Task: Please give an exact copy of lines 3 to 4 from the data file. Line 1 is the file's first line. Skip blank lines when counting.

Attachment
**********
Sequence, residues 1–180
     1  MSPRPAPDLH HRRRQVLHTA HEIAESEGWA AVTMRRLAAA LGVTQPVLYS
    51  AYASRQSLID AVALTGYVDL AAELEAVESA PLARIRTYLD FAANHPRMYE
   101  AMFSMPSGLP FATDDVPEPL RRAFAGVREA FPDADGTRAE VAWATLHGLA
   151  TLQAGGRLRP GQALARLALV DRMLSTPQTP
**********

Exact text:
    51  AYASRQSLID AVALTGYVDL AAELEAVESA PLARIRTYLD FAANHPRMYE
   101  AMFSMPSGLP FATDDVPEPL RRAFAGVREA FPDADGTRAE VAWATLHGLA